But they began to rebuild. This was a start. (7 Apr. 2012)

Shutter speed 1/1000     f-stop 5.6     ISO 200     focal length 400mm

 

The nest got bigger by the day. (10 Apr. 2012)

Shutter speed 1/1000     f-stop 5.6     ISO 160     focal length 400mm

 

(11 Apr. 2012)

Shutter speed 1/1000     f-stop 5.6     ISO 160     focal length 400mm

 

Once again, I was lucky to catch one of the pair returning with a branch to add to the nest. (13 Apr. 2012)

Shutter speed 1/640     f-stop 8     ISO 125     focal length 400mm

 

By the 19th of April, it must have been looking pretty much like home to them.

Shutter speed 1/1000     f-stop 8     ISO 200     focal length 400mm

 

This is the nest as of today, 2 July 2012. The male will still maintain it and, as long as a storm doesn’t knock it down, it’ll probably get bigger.

Shutter speed 1/1000     f-stop 10     ISO 400     focal length 400mm

 

Ospreys in Oregon, Part 5

Friday, June 22nd, 2012

In my last post, I submitted photos of an osprey that missed a catch. Later, while going through my photos, I found a sequence where an osprey caught a fish. (I’m taking about 7,000 photos a month including what I take in burst mode, so I often don’t find some of the good ones until I laboriously go through them.) This is going to be my longest post to date with at least two poor quality photos, the third and fifth in the sequence, but they show some important things. The sequence you’ll see played out in mere seconds.

When I was shooting them, I had preset the shutter speed and f-stop and, of course, this lens is a prime, so it’s a constant 400mm. But I let the camera set the ISO speed, so it’s the one variable. Also, these are all crops from larger photos.

Here goes.

Like most flying birds, ospreys fly with their legs against their bodies because it improves their aerodynamics. In the first photo, the osprey has already started its dive and its legs and talons are extended.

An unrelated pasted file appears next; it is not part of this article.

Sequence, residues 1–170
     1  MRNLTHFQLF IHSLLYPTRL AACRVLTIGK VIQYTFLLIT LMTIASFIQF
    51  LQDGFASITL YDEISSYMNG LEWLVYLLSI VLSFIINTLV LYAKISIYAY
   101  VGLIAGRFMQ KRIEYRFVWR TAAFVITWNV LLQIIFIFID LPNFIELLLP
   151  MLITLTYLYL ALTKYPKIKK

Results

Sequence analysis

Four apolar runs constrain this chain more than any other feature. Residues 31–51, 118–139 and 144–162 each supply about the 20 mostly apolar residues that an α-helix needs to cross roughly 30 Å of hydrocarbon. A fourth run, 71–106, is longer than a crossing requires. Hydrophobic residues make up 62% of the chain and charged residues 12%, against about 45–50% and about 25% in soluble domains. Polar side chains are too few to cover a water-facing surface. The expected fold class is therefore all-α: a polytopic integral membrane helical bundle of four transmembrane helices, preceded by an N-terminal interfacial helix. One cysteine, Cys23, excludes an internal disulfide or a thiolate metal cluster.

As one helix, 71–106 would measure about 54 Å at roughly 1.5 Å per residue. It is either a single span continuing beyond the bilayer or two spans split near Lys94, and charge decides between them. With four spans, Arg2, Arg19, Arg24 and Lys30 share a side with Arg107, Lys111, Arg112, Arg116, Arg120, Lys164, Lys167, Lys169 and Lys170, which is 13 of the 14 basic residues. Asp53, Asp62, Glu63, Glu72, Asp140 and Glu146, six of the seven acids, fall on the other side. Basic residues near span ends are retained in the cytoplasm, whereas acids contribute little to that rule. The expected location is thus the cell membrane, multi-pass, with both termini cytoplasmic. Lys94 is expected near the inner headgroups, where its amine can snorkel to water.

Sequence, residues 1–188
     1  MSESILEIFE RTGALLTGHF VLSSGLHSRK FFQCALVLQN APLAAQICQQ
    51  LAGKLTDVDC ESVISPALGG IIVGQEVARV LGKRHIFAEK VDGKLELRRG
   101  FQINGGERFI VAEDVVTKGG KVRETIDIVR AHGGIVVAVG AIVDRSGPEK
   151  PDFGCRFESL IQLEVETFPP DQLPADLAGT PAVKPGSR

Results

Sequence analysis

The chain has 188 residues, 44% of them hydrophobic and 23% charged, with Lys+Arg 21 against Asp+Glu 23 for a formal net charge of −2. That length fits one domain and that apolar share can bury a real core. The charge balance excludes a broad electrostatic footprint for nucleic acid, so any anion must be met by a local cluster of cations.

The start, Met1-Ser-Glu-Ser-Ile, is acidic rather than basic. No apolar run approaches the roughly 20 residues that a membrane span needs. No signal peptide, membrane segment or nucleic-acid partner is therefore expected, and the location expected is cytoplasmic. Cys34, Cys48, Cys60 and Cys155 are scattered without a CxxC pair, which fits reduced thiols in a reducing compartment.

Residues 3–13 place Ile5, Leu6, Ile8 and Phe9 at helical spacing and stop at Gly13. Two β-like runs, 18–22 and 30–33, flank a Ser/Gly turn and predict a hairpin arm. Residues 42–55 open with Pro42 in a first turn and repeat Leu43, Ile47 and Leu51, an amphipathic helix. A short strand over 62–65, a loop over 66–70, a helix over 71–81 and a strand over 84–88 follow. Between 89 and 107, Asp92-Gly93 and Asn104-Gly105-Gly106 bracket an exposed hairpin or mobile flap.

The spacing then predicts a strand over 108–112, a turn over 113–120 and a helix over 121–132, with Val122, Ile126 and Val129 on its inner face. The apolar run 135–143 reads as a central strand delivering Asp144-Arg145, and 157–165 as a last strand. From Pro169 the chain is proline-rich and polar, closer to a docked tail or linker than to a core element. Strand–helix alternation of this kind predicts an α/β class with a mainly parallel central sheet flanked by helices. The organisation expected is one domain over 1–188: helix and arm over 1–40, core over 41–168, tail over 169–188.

Shutter speed 1/1000     f-stop 5.6     ISO 100     focal length 400mm

 

The osprey is getting closer to the water, so it’s legs and talons are coming forward.

Shutter speed 1/1000     f-stop 5.6     ISO 100     focal length 400mm

 

This photo is blurry and I wouldn’t ordinarily include one like this because of that, but I want you to see that the bird’s feet have been brought forward. Ospreys go into the water talons first.

Shutter speed 1/1000     f-stop 5.6     ISO 160     focal length 400mm

 

In this photo, the osprey has plunged through the water’s surface. Part of its right wing is showing and, as you see in the next two photos, it’s becomes completely submerged. It can pull fish from as deep as three feet under water (and maybe a little bit deeper).

Shutter speed 1/1000     f-stop 5.6     ISO 200     focal length 400mm

 

Shutter speed 1/1000     f-stop 5.6     ISO 200     focal length 400mm

 

Shutter speed 1/1000     f-stop 5.6     ISO 200     focal length 400mm

 

You can see one of its wings breaking the surface.

Shutter speed 1/1000     f-stop 5.6     ISO 200     focal length 400mm

 

Its head has broken back though the surface along with the tops of both wings. What you’ve got to know is that, although fish make up 99% of an osprey’s diet, unlike pelicans, ducks, geese, swans, cormorants, and many other “water birds,” they cannot swim. In fact, if an osprey’s feathers become waterlogged, they drown. So this guy has to get out of the water quickly.

Shutter speed 1/1000     f-stop 5.6     ISO 200     focal length 400mm

 

In this and the next four photos, the osprey is using its powerful wings to pull itself out of the water.

Shutter speed 1/1000     f-stop 5.6     ISO 200     focal length 400mm

 

Shutter speed 1/1000     f-stop 5.6     ISO 200     focal length 400mm

 

Shutter speed 1/1000     f-stop 5.6     ISO 200     focal length 400mm

Shutter speed 1/1000     f-stop 5.6     ISO 200     focal length 400mm

 

Shutter speed 1/1000     f-stop 5.6     ISO 160     focal length 400mm

 

I’ve read that ospreys are successful on less than 25 percent of their dives and, from what I’ve seen, it’s no doubt true. But in this and the remaining photos, as the osprey breaks clear of the water, you can see it’s got a fish in its talons.

Shutter speed 1/1000     f-stop 5.6     ISO 160     focal length 400mm

 

Shutter speed 1/1000     f-stop 5.6     ISO 160     focal length 400mm

 

Shutter speed 1/1000     f-stop 5.6     ISO 160     focal length 400mm

 

Shutter speed 1/1000     f-stop 5.6     ISO 160     focal length 400mm